Around the middle of August, every parent I know started talking about the insanity that was their kids before school got back in the session. “Not at our house! Everybody seems pretty happy right now.” I said with a smile and relief. Silly mama.
I’m not sure if it started that night or the next, but the bedtime skirmishes we’ve had all summer turned into all out war. Everything would be fine! We’ve got through dinner, get everyone in pajamas, brush teeth, read our stories and sing our songs. Somewhere between the story reading and lights out, Remy realized he could read in bed and we probably wouldn’t notice if he was quiet. But then he started turning on the lights and waking up his brother. Tess would give one crazy giggle and would be off on a race for the ages, playing keep away and making so much noise nobody else could sleep. Dave and I were at wits end!
After a particularly bad night left me in tears and feeling like the worst parent in the world, I got down to business and started doing some reading. (If any friends are looking for books on sleep, love and logic, and mindful parenting, I now own them all.)
By 5 o’clock the next morning, I had a list of things to try:
- give more choices
- drop the afternoon nap (Tess still takes a long one)
- read til ready to sleep (little kids down first)
- later bedtime if napped
- chore charts and dates with mom and dad as a reward on good weeks
- Parent lies down and whispers for a few minutes before lights out
- Deep breathing together
- Lean into Tess’ silliness – make bunny talk, tickle wars, etc.
- Love and logic structured responses
Dave and I went over all of this, decided what we thought would work, and geared ourselves up for another night.
I’ve been working out a lot more the last few weeks, and have always found that I have Eureka moments when I getting a particularly good workout. In the middle of a yoga class yesterday, it suddenly occurred to me the bedtime wars have nothing to do with bedtime. Tess is anxious about starting at a new school. It doesn’t matter that she’s excited, that she went to camp there this summer and had a wonderful time, or that Remy will be there too. It’s new, and that’s scary when you’re five. When Tess is scared, she wants a lot more one on one time with us. We figured Remy was in the same boat.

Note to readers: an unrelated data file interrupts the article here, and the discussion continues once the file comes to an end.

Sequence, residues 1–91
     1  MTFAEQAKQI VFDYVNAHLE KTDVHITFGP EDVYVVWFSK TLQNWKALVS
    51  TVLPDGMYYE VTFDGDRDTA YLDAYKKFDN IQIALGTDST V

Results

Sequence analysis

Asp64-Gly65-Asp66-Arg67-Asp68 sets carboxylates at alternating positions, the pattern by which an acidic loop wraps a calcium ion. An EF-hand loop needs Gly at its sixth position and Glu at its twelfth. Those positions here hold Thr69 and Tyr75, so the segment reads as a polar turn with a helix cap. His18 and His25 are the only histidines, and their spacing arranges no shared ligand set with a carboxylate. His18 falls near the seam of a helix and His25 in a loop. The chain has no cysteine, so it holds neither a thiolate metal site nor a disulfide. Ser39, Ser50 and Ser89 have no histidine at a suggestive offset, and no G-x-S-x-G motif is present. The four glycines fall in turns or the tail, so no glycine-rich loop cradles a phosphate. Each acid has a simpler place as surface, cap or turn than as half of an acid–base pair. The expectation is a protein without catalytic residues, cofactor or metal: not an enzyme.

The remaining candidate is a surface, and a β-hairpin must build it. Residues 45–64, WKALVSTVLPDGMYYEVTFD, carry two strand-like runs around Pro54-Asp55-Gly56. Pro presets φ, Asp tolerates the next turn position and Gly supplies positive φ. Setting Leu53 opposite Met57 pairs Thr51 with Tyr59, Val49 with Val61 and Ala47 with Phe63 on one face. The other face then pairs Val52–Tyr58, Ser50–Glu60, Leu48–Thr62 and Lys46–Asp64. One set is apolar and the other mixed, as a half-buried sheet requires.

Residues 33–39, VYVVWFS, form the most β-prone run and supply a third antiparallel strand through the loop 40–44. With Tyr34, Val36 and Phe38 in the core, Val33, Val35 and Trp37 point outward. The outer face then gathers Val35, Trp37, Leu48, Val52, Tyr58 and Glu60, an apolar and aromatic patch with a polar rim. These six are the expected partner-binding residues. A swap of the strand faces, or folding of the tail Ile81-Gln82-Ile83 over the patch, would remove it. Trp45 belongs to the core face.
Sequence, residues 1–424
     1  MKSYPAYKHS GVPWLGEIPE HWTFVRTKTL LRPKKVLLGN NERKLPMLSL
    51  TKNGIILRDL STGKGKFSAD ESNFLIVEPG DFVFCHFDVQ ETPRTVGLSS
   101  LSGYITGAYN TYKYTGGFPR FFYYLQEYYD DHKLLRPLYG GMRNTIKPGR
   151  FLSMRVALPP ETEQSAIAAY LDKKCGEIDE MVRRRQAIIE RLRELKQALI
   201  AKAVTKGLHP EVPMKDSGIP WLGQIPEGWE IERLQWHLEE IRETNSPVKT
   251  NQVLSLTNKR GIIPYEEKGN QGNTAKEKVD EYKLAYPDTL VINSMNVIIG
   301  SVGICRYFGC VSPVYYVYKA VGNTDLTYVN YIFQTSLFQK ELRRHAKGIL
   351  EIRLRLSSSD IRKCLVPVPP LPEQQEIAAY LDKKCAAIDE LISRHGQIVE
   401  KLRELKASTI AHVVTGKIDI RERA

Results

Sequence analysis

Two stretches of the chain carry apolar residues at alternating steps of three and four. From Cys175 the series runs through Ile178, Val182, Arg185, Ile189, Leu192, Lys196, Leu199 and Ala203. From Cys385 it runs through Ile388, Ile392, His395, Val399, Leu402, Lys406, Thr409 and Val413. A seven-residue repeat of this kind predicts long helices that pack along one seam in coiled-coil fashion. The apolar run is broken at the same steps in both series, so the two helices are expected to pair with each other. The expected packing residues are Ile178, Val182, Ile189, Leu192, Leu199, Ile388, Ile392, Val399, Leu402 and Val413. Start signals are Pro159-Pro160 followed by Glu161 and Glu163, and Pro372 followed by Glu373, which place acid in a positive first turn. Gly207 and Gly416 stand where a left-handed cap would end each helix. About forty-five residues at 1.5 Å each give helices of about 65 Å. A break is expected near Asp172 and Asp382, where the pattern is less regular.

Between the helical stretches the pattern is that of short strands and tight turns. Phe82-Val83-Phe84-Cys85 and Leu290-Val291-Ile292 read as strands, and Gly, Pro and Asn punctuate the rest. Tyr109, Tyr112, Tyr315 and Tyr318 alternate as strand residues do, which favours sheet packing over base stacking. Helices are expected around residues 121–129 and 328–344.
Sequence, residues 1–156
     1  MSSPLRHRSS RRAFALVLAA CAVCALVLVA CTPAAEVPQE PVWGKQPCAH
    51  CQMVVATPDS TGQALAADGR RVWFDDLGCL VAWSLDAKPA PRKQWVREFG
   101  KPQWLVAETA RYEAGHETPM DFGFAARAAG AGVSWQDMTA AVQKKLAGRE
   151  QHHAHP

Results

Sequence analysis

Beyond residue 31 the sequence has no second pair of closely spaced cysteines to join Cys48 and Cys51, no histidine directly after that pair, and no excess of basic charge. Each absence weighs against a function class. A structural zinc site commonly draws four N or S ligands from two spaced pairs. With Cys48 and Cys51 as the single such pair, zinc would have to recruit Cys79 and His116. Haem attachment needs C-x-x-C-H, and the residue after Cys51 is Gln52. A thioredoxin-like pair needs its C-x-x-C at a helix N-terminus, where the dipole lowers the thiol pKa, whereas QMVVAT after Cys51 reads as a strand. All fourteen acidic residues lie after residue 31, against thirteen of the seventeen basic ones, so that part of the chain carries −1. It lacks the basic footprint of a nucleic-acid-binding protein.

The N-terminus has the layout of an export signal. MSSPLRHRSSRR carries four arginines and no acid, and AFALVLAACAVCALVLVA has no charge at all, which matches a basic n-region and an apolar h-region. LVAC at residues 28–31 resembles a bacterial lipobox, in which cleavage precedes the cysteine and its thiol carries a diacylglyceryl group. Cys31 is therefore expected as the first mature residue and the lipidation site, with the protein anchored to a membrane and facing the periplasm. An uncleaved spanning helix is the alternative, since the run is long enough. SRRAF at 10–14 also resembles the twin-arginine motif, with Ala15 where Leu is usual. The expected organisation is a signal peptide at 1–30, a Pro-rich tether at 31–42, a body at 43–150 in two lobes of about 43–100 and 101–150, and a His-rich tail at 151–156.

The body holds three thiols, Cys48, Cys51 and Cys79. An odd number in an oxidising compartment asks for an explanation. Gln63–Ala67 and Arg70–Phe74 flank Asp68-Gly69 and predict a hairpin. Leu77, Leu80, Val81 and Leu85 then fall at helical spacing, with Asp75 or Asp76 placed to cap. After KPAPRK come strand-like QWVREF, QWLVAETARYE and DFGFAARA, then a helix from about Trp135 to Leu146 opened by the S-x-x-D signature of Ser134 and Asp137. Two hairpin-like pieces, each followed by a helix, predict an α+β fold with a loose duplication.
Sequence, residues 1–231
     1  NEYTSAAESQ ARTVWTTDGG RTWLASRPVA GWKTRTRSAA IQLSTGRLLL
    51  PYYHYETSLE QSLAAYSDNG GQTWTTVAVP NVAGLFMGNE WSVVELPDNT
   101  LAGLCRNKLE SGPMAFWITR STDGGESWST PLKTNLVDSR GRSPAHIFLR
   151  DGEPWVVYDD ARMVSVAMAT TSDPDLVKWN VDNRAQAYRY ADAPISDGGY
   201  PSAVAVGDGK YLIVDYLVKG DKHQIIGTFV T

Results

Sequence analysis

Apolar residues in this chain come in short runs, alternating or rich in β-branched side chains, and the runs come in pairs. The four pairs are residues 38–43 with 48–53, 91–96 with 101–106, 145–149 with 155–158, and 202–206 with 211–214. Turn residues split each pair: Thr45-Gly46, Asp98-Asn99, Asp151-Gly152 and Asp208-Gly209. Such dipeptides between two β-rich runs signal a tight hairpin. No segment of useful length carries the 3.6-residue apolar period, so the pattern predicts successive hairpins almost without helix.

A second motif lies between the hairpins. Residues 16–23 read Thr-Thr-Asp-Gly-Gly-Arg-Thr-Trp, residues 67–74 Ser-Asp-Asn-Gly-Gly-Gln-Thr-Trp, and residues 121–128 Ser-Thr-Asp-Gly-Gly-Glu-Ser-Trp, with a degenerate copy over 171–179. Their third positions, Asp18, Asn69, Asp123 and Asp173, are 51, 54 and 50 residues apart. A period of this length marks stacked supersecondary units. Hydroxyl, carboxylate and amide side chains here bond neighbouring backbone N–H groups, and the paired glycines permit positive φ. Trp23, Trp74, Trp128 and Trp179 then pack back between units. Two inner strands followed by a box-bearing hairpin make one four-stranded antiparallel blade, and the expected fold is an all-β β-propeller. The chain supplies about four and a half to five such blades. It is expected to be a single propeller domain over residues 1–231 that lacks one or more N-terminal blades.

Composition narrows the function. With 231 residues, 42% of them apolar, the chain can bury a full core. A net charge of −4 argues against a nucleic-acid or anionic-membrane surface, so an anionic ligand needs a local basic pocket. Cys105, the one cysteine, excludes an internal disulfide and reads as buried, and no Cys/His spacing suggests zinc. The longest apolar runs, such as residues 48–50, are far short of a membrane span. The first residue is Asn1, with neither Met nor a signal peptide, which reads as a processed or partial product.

So that’s what we gave them! We tucked the little kids into bed, one after the other, so they got some alone time too. In the meantime, the Bigs loaded the dishwasher with our supervision. Then we gave Tess and Remy 30 to 45 minutes doing something of their choice with us. Remy and Dave headed off to read his library book, which is this weeks’ literary obsession. Tess and I looked over the photo album from the year she was born. She’s always love seeing baby pictures and pointing out all of the family that she knows. We snuggled together, chatting and calm. There were no temper tantrums, no crazy sprints for the stairs, and I ended up feeling a lot better too! I hadn’t realized how much I was dreading the moment when bedtime broke.
We took them upstairs and tucked them in. Tess tiptoed into her room so she wouldn’t wake up her sister, and snuggled into bed with her bunny and a little sigh. She didn’t move, make any noise, laugh hysterically, or go to play in the bathroom. She just went to sleep. Remy did the same.
Sometimes I get overwhelmed by how much I need to research problems we’re having, whether that’s colic in an infant or defiance in a two-year-old. Reading studies on behavior and other parents’ experience is always helpful, but it’s so easy to end up treating the symptom not the cause.
Our new bedtime routine might keep working and it might not. At some point I’m sure we will need a new solution! But my big takeaway is to remember that there will never be a permanent routine that works flawlessly every night. No routine will work forever. And if I allow myself to expect that, I will be disappointed and frustrated, which does not make for great parenting.
Being the best parents we can be means finding time to look at the big picture, make a list of possible solutions, and recognize when we are not even going to the source of the problem. Tonight may go as smoothly as last night, or I may end up chasing a fast five-year-old all over the house. One way or the other, I’m going to keep my cool and remember that the sparkly sprite I’m chasing has her own very real concerns and joys that deserve every ounce of our attention.